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The French Ban The Too Skinny


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The French Parliament has created a new bill that would make it illegal for anyone to publicly promote extreme thinness. This includes everything from magazines, newspapers, websites, anything media related.



PARIS - The French parliament's lower house adopted a groundbreaking bill Tuesday that would make it illegal for anyone including fashion magazines, advertisers and Web sites to publicly incite extreme thinness.


The National Assembly approved the bill in a series of votes Tuesday, after the legislation won unanimous support from the ruling conservative UMP party. It goes to the Senate in the coming weeks.

Fashion industry experts said that, if passed, the law would be the strongest of its kind anywhere. Leaders in French couture are opposed to the idea of legal boundaries on beauty standards.

The bill was the latest and strongest of measures proposed after the 2006 anorexia-linked death of a Brazilian model prompted efforts throughout the international fashion industry to address the repercussions of using ultra-thin models.

Conservative lawmaker Valery Boyer, author of the law, argued that encouraging anorexia or severe weight loss should be punishable in court.

Doctors and psychologists treating patients with anorexia nervosa — a disorder characterized by an abnormal fear of becoming overweight — welcomed the government's efforts to fight self-inflicted starvation, but warned that its link with media images remains hazy.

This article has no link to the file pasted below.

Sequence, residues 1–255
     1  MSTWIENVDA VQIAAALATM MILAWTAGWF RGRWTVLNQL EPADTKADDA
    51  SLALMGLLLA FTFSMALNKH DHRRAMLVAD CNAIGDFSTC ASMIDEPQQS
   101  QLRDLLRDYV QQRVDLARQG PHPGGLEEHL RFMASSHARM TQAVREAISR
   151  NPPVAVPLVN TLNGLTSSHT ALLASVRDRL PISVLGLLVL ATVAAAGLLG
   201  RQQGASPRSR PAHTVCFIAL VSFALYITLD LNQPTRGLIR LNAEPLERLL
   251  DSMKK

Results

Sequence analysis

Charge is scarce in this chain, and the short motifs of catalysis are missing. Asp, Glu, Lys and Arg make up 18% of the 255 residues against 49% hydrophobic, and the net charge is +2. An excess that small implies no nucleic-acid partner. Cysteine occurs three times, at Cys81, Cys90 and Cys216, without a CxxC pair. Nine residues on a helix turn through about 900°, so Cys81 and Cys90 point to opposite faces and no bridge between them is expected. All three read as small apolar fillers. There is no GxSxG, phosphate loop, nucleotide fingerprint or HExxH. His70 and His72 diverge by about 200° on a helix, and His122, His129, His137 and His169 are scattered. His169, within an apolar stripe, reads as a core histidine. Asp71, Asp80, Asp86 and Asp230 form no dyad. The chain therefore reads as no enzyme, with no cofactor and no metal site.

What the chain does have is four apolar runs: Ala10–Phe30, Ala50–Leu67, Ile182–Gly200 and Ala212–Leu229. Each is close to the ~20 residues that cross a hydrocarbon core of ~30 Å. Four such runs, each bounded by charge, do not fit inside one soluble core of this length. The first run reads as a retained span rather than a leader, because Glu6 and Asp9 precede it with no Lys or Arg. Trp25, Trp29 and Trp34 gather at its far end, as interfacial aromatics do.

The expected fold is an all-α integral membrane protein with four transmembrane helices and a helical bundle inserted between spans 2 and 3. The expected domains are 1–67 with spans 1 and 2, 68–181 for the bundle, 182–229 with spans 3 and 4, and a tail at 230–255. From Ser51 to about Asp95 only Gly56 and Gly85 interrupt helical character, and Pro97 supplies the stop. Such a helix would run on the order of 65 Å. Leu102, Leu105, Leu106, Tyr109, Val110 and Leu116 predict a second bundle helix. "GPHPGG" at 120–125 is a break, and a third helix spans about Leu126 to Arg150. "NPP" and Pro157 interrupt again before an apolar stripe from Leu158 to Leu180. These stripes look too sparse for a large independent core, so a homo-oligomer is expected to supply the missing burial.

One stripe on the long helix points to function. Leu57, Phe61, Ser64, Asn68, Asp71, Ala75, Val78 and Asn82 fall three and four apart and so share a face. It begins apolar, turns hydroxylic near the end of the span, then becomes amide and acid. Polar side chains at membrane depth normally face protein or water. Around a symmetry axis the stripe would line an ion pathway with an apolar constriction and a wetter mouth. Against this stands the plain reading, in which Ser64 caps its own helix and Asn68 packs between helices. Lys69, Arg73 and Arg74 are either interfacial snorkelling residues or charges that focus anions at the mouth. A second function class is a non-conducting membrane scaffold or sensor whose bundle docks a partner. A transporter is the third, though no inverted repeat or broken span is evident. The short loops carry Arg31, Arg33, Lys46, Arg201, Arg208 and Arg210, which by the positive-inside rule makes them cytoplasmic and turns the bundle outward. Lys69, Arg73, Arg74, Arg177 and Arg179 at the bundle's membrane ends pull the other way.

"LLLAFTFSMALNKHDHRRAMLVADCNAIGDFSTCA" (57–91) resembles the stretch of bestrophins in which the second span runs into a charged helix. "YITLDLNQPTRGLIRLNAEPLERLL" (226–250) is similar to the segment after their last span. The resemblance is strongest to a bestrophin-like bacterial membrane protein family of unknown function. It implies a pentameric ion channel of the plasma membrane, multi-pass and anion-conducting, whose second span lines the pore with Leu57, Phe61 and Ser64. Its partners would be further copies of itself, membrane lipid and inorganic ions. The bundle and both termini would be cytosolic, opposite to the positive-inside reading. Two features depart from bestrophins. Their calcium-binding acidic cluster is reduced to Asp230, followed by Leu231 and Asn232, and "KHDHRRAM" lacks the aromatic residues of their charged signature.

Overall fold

French lawmakers and fashion industry members signed a nonbinding charter last week on promoting healthier body images. Spain in 2007 banned ultra-thin models from catwalks.


But Boyer said such measures did not go far enough.

Her bill has mainly brought focus to pro-anorexic Web sites that give advice on how to eat an apple a day — and nothing else.

But Boyer insisted in her speech to lawmakers Tuesday that the legislation was much broader and could, in theory, be used against many facets of the fashion industry.

It would give judges the power to imprison and fine offenders up to three years and $71,000 if found guilty of "inciting others to deprive themselves of food" to an "excessive" degree, Boyer said in a telephone interview before the parliamentary session.

Judges could also sanction those responsible for a magazine photo of a model whose "excessive thinness ... altered her health," she said.

Boyer said she was focusing on women's health, though the bill applies to models of both sexes. The French Health Ministry says most of the 30,000 to 40,000 people with anorexia in France are women.

Didier Grumbach, president of the influential French Federation of Couture, said he was not aware how broad the proposed legislation was, and made no secret of his strong disapproval of such a sweeping measure.


21-year-old model Ana Carolina Reston who died as a result of anorexia in 2006 [seen above]

"Never will we accept in our profession that a judge decides if a young girl is skinny or not skinny," he said. "That doesn't exist in the world, and it will certainly not exist in France."

Marleen S. Williams, a psychology professor at Brigham Young University in Utah who researches the media's effect on anorexic women, said it was nearly impossible to prove that the media causes eating disorders.